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Research Papers

A Constrained Extended Kalman Filter for State-of-Charge Estimation of a Vanadium Redox Flow Battery With Crossover Effects

[+] Author and Article Information
Victor Yu

Department of Mechanical Engineering,
The University of Texas at Austin,
Austin, TX 78712
e-mail: victory118@utexas.edu

Alex Headley

Department of Mechanical Engineering,
The University of Texas at Austin,
Austin, TX 78712
e-mail: ajhead2@gmail.com

Dongmei Chen

Department of Mechanical Engineering,
The University of Texas at Austin,
Austin, TX 78712
e-mail: dmchen@me.utexas.edu

Contributed by the Dynamic Systems Division of ASME for publication in the JOURNAL OF DYNAMIC SYSTEMS, MEASUREMENT, AND CONTROL. Manuscript received May 29, 2013; final manuscript received February 2, 2014; published online April 8, 2014. Assoc. Editor: Evangelos Papadopoulos.

J. Dyn. Sys., Meas., Control 136(4), 041013 (Apr 08, 2014) (7 pages) Paper No: DS-13-1217; doi: 10.1115/1.4026654 History: Received May 29, 2013; Revised February 02, 2014

One of the main issues with vanadium redox flow batteries (VRFBs) is that vanadium ions travel across the membrane during operation which leads to a concentration imbalance and capacity loss after long-term cycling. Precise state-of-charge (SOC) monitoring allows the operator to effectively schedule electrolyte rebalancing and devise a control strategy to keep the battery running under optimal conditions. However, current SOC monitoring methods are too expensive and impractical to implement on commercial VRFB systems. Furthermore, physical models alone are neither reliable nor accurate enough to predict long-term capacity loss due to crossover. In this paper, we present an application of using an extended Kalman filter (EKF) to estimate the total vanadium concentration in each half-cell by combining three voltage measurements and a state prediction model without crossover effects. Simulation results show that the EKF can accurately predict capacity loss for different crossover patterns over a few hundred cycles.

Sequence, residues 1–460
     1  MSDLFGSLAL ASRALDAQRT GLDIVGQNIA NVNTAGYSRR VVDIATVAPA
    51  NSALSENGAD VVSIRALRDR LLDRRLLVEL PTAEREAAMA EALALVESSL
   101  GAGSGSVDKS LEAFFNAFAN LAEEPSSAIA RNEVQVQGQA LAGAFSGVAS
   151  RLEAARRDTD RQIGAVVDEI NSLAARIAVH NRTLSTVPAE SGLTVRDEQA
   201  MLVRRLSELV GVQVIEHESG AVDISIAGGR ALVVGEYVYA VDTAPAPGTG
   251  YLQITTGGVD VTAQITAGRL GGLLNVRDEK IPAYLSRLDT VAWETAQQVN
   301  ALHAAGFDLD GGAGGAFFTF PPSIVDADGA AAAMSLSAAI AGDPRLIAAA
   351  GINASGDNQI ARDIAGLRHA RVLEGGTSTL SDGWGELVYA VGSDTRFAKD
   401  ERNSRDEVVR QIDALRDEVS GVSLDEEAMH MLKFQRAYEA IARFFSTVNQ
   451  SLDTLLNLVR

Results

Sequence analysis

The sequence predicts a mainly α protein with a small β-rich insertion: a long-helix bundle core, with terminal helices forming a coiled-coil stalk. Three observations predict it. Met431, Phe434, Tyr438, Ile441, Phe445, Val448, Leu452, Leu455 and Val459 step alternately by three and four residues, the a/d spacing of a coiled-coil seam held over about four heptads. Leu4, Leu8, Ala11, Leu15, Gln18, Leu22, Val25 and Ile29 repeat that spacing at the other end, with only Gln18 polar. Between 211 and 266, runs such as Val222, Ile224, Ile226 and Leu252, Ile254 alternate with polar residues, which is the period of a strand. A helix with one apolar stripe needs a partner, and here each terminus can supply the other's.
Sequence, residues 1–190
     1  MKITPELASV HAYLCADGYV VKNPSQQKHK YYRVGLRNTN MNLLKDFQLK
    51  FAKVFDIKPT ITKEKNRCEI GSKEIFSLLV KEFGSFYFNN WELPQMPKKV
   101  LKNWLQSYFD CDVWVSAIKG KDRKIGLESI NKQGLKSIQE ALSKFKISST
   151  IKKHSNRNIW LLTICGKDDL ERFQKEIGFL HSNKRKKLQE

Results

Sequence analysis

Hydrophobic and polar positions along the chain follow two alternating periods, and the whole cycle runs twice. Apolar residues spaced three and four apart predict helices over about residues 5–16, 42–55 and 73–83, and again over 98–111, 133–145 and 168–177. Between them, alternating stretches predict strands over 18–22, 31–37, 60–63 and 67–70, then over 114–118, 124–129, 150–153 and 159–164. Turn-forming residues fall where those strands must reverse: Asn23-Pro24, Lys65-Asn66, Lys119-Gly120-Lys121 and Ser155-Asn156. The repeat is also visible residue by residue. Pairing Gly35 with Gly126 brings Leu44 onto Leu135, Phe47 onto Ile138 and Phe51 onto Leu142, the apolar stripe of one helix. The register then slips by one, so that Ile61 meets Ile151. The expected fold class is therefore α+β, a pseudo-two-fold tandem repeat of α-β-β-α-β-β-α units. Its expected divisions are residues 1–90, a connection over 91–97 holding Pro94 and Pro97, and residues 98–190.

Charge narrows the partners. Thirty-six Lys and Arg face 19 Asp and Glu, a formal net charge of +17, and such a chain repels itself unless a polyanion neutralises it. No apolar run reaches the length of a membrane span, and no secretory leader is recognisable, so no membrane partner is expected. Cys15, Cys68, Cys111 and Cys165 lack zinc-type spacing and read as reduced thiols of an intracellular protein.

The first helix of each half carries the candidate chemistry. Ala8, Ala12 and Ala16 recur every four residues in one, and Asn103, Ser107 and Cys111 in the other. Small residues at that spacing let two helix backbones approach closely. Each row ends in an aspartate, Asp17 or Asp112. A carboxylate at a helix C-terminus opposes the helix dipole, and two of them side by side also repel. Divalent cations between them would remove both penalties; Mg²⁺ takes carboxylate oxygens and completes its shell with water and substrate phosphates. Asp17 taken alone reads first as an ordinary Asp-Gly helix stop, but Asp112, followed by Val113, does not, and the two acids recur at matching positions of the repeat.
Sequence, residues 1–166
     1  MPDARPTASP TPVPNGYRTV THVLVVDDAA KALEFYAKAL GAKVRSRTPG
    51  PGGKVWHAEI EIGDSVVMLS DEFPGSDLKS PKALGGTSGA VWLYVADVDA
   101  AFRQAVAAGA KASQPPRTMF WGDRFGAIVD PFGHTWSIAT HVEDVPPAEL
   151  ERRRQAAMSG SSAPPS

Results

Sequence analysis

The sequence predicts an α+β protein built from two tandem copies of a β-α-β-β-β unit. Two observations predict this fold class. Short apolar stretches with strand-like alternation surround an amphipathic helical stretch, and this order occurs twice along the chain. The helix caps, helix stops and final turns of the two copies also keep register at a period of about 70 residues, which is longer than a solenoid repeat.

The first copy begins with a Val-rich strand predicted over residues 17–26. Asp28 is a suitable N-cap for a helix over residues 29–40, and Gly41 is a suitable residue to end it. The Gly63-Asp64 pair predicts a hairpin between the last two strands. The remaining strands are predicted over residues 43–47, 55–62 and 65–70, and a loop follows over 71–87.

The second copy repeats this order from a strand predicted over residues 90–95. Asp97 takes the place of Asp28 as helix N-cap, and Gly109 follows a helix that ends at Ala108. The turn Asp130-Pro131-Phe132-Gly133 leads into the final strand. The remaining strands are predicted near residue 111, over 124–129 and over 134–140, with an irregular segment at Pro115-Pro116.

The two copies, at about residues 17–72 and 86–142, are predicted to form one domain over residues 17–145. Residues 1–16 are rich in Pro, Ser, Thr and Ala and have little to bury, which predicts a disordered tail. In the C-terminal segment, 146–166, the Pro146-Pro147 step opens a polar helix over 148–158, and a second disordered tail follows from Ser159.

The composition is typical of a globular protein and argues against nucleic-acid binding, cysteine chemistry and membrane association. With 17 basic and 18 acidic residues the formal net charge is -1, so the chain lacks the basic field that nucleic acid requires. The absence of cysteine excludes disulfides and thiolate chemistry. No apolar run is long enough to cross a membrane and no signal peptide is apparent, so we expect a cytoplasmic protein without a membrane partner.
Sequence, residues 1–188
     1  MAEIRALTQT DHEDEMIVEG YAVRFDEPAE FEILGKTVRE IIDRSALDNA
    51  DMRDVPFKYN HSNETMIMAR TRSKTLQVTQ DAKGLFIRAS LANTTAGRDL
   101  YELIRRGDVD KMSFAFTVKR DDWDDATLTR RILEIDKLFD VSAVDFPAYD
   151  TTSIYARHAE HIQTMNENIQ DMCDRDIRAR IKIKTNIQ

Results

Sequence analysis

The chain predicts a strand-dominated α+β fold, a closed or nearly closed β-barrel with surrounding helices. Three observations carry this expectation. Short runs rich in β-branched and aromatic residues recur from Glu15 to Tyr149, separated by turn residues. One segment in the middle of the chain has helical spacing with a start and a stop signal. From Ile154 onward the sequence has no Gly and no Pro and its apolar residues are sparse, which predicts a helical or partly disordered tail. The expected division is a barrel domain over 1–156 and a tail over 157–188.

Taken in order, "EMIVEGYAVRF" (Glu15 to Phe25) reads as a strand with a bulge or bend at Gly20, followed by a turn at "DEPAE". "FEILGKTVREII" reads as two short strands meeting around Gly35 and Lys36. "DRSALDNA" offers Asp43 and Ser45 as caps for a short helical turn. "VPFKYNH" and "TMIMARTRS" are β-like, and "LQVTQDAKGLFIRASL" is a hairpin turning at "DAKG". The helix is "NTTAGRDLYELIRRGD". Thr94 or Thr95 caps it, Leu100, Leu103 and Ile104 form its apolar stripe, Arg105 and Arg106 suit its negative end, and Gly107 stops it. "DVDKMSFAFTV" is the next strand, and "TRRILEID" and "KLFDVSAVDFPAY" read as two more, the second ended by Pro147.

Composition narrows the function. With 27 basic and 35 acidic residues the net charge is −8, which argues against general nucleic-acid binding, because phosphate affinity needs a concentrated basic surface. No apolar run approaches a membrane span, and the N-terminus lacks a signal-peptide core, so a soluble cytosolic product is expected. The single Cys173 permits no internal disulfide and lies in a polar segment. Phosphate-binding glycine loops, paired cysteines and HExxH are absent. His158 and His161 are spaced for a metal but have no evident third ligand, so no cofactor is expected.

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Figures

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Fig. 1

Schematic of a VRFB system

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Fig. 2

Measuring the OCV at the positive and negative tanks separately using two reference cells

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Fig. 7

Actual and estimated concentration ratios over 200 charge/discharge cycles using a Selemion AMV membrane with η = 50. Each data point corresponds to the beginning of a charge/discharge cycle. Top: First 25 cycles. Bottom: Cycles 26–200.

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Fig. 4

Actual and estimated concentration ratios over 200 charge/discharge cycles using a Nafion 115 membrane with η = 50. Each data point corresponds to the beginning of a charge/discharge cycle. Top: First 25 cycles. Bottom: Cycles 26–200.

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Fig. 5

Actual and estimated concentration ratios over 200 charge/discharge cycles using a Nafion 115 membrane with η = 200. Each data point corresponds to the beginning of a charge/discharge cycle. Top: First 25 cycles. Bottom: Cycles 26–200.

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Fig. 6

Actual and estimated concentration ratios over 200 charge/discharge cycles using a Selemion CMV membrane with η = 50. Each data point corresponds to the beginning of a charge/discharge cycle. Top: First 25 cycles. Bottom: Cycles 26–200.

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Fig. 3

Actual and estimated concentration ratios over 200 charge/discharge cycles using a Nafion 115 membrane with η = 1. Each data point corresponds to the beginning of a charge/discharge cycle. Top: First 25 cycles. Bottom: Cycles 26–200.

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